Never too old?

by Andy Osborne on

Two recent events have once again catapulted the issue of age in the work place into the limelight. 
 
Countryfile host Miriam O'Reilly, now 53, has won her age discrimination Employment Tribunal claim against the BBC after they discriminated against her for being "too old". She had been dropped from the show when it moved to a more primetime slot in 2009. Three other presenters aged over 40 were also axed alongside Miriam.
 
The Tribunal heard allegations that Miriam was warned to be "careful with those wrinkles when high definition comes in", asked whether it was "time for Botox" and offered a can of black spray dye to cover up a white gap on her head. Although they appeared to vigorously defend the claim, which lasted for 10 days, they have since apologised and have accepted the Tribunal’s decision.
 
The other issue to arise is the phasing out of the ‘default retiring age’ of 65. This means that employer’s will no longer be able avoid claims for age discrimination and unfair dismissal when dismissing someone because they have reached the age of 65.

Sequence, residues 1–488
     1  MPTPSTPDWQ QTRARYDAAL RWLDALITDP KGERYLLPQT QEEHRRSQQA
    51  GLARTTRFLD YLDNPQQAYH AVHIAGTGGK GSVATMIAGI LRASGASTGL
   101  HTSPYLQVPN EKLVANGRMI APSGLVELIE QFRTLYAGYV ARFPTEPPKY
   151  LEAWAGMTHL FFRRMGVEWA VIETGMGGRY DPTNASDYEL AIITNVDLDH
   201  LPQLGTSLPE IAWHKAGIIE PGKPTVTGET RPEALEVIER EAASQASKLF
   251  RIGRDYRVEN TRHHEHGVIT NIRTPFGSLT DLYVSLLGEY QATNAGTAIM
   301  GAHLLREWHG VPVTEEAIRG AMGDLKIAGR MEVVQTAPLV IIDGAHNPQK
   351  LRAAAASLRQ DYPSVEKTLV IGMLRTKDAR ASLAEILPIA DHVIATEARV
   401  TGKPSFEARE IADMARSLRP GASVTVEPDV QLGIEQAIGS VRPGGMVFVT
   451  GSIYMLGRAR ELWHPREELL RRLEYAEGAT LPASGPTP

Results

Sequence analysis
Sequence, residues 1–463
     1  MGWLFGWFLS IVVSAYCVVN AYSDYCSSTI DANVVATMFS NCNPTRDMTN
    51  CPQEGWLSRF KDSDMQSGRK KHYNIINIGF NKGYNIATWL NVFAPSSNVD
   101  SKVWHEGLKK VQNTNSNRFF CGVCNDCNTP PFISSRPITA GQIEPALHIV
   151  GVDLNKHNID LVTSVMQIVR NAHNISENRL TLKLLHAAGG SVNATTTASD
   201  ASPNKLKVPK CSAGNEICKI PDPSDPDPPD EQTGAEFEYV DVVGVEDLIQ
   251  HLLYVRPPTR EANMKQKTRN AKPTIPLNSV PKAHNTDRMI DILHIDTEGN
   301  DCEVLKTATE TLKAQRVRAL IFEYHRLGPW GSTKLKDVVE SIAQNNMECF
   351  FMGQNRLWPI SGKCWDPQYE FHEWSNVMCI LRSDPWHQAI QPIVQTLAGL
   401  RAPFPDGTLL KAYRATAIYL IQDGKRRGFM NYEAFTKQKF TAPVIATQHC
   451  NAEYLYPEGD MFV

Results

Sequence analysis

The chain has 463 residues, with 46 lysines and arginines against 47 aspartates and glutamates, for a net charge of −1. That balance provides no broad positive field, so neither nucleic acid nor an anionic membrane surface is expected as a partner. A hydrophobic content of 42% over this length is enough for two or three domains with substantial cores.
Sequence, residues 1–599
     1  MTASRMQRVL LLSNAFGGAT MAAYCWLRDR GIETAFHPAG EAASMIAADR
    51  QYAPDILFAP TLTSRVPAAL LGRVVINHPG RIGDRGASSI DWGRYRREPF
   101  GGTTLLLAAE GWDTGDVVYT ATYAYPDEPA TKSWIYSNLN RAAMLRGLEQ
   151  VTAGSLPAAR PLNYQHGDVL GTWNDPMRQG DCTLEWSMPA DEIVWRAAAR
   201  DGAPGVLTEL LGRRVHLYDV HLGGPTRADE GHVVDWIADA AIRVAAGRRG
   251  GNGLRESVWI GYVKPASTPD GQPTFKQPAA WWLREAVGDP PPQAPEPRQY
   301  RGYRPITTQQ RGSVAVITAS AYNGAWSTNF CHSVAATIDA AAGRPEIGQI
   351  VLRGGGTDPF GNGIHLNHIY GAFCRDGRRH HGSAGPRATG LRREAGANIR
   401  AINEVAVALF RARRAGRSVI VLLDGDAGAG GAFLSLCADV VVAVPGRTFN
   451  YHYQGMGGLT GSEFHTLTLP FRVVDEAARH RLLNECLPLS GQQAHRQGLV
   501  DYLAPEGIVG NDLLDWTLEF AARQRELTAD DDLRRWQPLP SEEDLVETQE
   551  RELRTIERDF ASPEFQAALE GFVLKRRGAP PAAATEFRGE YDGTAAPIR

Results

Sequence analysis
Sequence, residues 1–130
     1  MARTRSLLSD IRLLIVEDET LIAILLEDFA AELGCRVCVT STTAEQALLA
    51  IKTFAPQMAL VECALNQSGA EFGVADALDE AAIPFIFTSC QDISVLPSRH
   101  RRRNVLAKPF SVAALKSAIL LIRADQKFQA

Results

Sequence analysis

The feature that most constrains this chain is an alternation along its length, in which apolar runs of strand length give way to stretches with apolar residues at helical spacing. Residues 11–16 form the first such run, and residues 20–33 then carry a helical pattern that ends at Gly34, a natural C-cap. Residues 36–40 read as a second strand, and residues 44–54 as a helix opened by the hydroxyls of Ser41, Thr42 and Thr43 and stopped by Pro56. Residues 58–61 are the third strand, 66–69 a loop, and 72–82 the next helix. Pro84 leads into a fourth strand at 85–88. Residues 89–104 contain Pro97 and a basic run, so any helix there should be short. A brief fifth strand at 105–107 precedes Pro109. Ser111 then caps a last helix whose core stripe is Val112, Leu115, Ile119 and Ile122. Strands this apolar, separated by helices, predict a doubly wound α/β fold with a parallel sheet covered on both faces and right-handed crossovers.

The current position will be completely abolished on 1 October this year. This means that 30th March 2011 will be the last day on which an employer can give the 6 months' notice which is needed to ensure that enforced retirement of an employee at age 65 will not be unfair dismissal or age discrimination. 
 
Employers will still be able to set a compulsory retirement age, however this will need to objectively justified. This is something which many employers may have difficulty with depending upon the industry and job role. 
 
With an ageing population, this move recognises the value older employees can still bring to workplace.
 
 

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